Category: asteroid

Goodbye ‘Oumuamua, Hello Borisov; This Is What Two Interstellar Interlopers Can Teach Us

“The most interesting aspect of what we know so far about interstellar objects is how different the first two, ‘Oumuamua and Borisov, truly are from one another. There are a number of ways to form interstellar bodies: from failed star systems in star-forming regions, from ejected asteroids, from comets, and from collisional debris. We do not know how common or rare objects of all these different types are, nor how to definitively classify the ones we’ve seen so far, but hope is on the way. Beginning in the 2020s, the Large Synoptic Survey Telescope will come online, expected to uncover dozens of such objects by 2030.

What are the size and frequency distributions of the interstellar population? How old and/or weathered are they? Are they comet-like or asteroid like; volatile-rich or volatile-free, and do different classes of object originate from different regions in the sky? Are most small objects inactive while most large ones are active? With the tip of the interstellar iceberg uncovered, the answers to these questions and more are at last within our reach.”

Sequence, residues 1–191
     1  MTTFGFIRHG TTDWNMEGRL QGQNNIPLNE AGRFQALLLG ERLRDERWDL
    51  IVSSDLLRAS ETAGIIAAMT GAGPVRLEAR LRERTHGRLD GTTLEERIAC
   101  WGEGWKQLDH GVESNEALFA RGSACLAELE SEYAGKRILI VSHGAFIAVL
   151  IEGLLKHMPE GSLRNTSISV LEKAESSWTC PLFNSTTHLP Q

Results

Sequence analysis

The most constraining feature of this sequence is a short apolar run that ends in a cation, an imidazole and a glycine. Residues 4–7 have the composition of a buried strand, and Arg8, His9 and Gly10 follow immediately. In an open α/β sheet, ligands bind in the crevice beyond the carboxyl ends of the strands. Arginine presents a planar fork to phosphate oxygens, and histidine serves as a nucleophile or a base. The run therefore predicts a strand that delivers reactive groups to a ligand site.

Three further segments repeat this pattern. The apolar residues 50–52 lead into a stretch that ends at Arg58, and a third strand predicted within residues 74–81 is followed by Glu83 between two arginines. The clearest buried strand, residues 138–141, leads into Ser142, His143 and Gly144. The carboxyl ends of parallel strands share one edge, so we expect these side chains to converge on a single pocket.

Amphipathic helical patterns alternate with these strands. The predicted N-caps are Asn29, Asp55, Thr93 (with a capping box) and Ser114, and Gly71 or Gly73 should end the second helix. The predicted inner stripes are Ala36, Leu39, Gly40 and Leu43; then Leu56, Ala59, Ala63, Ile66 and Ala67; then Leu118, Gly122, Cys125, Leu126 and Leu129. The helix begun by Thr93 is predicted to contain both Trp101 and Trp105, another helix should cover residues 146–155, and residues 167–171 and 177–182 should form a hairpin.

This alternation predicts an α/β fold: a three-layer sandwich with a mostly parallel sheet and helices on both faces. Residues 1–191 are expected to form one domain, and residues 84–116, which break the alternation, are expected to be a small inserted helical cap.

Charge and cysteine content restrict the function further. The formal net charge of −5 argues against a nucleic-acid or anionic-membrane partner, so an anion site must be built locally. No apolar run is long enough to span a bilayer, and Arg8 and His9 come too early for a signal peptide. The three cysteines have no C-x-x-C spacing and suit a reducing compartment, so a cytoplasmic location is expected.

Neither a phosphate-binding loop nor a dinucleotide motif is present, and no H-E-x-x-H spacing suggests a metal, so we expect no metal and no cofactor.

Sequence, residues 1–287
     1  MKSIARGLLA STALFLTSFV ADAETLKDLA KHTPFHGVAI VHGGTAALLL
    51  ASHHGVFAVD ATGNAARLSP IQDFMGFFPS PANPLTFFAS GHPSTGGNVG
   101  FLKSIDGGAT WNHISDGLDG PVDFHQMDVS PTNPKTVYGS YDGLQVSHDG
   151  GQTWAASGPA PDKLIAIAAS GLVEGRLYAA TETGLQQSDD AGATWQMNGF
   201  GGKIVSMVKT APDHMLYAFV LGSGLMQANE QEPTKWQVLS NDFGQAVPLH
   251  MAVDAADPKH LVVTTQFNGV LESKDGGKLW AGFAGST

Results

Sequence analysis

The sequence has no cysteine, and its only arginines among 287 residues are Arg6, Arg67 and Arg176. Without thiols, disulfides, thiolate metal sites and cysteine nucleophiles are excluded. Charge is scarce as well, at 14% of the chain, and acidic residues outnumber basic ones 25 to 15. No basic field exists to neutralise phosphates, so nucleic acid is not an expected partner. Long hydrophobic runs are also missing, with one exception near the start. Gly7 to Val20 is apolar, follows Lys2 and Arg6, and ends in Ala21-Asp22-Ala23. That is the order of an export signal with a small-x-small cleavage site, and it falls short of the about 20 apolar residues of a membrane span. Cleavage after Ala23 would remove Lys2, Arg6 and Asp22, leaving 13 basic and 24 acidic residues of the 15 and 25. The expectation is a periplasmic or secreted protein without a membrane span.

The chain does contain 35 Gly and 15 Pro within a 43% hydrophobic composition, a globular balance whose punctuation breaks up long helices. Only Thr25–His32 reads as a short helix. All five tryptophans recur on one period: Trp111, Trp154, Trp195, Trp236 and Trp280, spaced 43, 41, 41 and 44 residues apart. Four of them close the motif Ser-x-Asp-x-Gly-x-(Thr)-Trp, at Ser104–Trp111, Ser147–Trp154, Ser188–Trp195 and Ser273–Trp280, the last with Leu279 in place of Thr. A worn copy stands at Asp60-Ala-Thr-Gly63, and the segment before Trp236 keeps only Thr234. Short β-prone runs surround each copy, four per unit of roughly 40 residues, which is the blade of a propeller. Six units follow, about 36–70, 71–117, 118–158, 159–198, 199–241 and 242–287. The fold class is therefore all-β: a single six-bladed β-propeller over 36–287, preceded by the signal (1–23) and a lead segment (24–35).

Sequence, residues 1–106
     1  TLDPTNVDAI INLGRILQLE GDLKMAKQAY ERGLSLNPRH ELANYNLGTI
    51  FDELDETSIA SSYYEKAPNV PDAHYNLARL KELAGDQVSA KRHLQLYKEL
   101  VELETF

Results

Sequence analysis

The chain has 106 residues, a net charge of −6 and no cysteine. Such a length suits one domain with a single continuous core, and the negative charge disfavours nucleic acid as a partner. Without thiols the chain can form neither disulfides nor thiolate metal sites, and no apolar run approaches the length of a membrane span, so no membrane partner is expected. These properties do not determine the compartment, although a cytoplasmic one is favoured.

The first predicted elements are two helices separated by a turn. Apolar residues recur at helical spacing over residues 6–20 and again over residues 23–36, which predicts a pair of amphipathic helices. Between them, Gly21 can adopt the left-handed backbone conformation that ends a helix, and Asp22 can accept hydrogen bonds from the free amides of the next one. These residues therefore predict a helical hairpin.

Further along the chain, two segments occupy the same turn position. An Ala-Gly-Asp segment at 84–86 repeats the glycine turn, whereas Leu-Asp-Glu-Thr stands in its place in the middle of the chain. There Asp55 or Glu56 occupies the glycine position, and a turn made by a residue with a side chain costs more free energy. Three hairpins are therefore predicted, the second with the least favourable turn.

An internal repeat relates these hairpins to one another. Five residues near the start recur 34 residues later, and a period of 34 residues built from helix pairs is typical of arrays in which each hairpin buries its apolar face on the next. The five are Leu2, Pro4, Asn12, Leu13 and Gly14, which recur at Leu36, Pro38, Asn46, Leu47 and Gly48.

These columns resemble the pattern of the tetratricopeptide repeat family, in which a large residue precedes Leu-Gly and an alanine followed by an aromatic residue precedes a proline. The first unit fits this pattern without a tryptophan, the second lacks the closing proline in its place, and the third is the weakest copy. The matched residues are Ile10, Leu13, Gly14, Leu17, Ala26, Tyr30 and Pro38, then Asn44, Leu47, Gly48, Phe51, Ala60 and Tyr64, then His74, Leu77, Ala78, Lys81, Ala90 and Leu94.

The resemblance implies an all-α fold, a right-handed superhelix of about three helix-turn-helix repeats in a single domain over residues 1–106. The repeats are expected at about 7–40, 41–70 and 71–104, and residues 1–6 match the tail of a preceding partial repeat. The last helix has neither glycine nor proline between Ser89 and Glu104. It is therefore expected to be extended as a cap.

In our solar system, asteroids, centaurs, comets, Kuiper belt and Oort cloud objects all have their own unique story, but possess many qualities common to each separate class. Occasionally, one of these objects will get ejected, where it will wander the Milky Way indefinitely, until it encounters another object.

Back in our Solar System, we’ve begun discovering and identifying objects in our neighborhood that originated from interstellar space. In 2017, ‘Oumuamua became the first, and it was extremely odd: small, elongated, and already on its way out. Our picture is now changing dramatically, as a second interstellar object, 2I/Borisov, was just discovered.

With its closest approach coming in early December, astronomers worldwide are getting ready. Here’s what we know so far.

The Perseid Meteor Shower Is Here, And Might Foretell Humanity’s Extinction